At the very least the Verlustlisten does provide a solid framework of the men who fit into the 1 July category. The lists were published for the most part from the end of July well into September 1916. Some of the smaller units involved in the fighting naturally had smaller lists while the losses in many of the regiments appeared in two or three lists as it was not uncommon to list each battalion separately.

In the case of RIR 99 (26th Reserve Division), the list appeared in September and covered some 5 pages of the Verlustlisten. The losses reported not only covered the end of June but well into July and probably August as the regiment continued to serve on the Somme for some time after 1 July and had suffered thousands of casualties in the process.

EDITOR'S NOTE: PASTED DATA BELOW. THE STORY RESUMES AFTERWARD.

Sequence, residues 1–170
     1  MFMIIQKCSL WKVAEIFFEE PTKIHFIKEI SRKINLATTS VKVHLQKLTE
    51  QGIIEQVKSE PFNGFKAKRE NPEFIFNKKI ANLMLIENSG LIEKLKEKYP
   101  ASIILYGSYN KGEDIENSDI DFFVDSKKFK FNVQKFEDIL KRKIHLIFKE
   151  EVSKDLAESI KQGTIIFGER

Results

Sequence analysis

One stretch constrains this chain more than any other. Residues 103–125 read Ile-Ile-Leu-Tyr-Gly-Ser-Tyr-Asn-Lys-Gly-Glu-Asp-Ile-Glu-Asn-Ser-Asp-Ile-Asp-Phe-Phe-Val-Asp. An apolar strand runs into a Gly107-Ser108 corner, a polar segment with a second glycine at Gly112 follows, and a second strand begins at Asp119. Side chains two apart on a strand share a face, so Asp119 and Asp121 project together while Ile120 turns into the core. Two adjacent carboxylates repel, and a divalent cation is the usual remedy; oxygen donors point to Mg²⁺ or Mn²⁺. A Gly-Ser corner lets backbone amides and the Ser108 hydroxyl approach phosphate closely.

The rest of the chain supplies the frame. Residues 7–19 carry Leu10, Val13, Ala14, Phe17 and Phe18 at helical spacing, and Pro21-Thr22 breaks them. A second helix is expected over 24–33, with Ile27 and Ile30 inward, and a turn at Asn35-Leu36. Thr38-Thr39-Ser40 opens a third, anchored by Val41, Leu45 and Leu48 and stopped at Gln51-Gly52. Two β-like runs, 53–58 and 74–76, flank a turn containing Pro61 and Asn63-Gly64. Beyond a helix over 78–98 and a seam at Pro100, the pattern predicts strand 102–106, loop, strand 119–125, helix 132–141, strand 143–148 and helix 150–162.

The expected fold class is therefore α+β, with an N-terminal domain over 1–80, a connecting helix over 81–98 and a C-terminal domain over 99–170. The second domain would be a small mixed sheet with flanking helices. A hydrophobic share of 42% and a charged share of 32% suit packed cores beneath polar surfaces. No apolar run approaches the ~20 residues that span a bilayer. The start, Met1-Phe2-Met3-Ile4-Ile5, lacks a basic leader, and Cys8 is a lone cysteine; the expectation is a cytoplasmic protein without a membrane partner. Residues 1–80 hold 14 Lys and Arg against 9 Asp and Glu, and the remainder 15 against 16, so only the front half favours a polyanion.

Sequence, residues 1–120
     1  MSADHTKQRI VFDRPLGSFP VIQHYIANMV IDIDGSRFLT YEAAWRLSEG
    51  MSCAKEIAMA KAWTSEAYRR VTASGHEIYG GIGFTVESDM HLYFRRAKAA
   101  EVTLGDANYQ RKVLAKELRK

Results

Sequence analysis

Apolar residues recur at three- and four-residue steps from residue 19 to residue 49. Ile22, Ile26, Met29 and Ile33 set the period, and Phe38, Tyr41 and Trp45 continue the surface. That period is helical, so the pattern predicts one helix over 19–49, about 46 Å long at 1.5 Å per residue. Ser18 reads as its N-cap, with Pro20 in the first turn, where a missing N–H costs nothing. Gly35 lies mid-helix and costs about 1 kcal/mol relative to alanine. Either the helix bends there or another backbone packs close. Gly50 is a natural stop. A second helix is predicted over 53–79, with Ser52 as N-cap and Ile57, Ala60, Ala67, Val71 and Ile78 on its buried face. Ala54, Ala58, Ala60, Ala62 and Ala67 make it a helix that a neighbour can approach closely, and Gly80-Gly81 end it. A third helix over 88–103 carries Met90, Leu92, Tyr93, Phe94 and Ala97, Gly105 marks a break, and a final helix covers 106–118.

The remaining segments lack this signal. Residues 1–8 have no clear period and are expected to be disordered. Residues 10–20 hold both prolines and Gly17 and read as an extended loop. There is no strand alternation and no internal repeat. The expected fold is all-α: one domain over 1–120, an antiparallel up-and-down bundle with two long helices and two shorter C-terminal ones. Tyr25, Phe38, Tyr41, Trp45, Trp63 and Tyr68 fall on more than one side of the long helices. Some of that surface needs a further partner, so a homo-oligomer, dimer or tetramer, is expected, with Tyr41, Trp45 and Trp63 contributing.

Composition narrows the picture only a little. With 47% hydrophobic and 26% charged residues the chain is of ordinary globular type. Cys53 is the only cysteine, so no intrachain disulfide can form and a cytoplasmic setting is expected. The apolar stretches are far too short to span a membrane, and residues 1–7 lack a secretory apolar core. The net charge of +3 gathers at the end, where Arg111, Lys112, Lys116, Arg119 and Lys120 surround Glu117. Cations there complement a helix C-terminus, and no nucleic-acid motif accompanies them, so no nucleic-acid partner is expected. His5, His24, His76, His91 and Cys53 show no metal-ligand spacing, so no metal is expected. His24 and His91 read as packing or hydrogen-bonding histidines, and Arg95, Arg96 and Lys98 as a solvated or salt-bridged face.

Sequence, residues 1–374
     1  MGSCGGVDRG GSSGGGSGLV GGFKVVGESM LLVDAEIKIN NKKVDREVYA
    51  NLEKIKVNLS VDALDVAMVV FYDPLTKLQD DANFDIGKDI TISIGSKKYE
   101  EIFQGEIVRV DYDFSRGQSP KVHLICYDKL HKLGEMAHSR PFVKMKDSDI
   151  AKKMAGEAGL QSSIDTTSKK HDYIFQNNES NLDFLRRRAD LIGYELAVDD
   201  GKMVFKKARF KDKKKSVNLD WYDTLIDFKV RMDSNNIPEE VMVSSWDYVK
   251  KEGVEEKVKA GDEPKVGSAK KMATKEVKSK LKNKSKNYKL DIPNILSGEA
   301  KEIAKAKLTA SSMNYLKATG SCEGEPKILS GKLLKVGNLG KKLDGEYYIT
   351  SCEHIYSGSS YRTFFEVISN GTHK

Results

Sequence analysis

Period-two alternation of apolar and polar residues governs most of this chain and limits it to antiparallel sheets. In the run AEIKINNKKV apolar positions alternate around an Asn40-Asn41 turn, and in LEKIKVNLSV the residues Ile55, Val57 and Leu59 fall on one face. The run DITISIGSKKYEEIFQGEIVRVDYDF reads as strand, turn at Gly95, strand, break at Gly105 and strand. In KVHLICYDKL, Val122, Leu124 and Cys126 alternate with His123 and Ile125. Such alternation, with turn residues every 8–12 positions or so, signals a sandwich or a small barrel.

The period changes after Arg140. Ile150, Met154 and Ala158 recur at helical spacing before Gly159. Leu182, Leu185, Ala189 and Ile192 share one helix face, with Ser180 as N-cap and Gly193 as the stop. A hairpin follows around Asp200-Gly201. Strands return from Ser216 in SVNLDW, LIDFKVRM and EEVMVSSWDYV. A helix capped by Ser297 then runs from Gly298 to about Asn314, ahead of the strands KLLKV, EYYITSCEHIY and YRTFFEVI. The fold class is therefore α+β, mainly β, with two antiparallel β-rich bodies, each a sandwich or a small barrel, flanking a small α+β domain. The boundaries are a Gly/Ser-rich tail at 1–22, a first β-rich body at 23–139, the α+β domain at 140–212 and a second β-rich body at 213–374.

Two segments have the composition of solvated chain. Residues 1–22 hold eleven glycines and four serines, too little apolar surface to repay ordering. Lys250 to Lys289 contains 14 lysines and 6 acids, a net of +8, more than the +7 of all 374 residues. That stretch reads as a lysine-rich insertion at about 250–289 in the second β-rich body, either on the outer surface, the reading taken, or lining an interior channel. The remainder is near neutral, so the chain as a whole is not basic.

In the case involving RIR 15 (2nd Guard Reserve Division) only a handful of men became casualties on 1 July and the majority of these were named in the regimental history. This would appear to make it easier to trace the names of the few unknown casualties by looking at the Verlustlisten. The problem arose when this regiment was transferred further south and was involved in heavy fighting later in the month. The initial list printed does contain the names of the men already identified as casualties on 1 July. It also contains the names of hundreds of men who became casualties in the weeks that followed and there is no possibility of determining the names of 2-3 men from 1 July out of such a large list.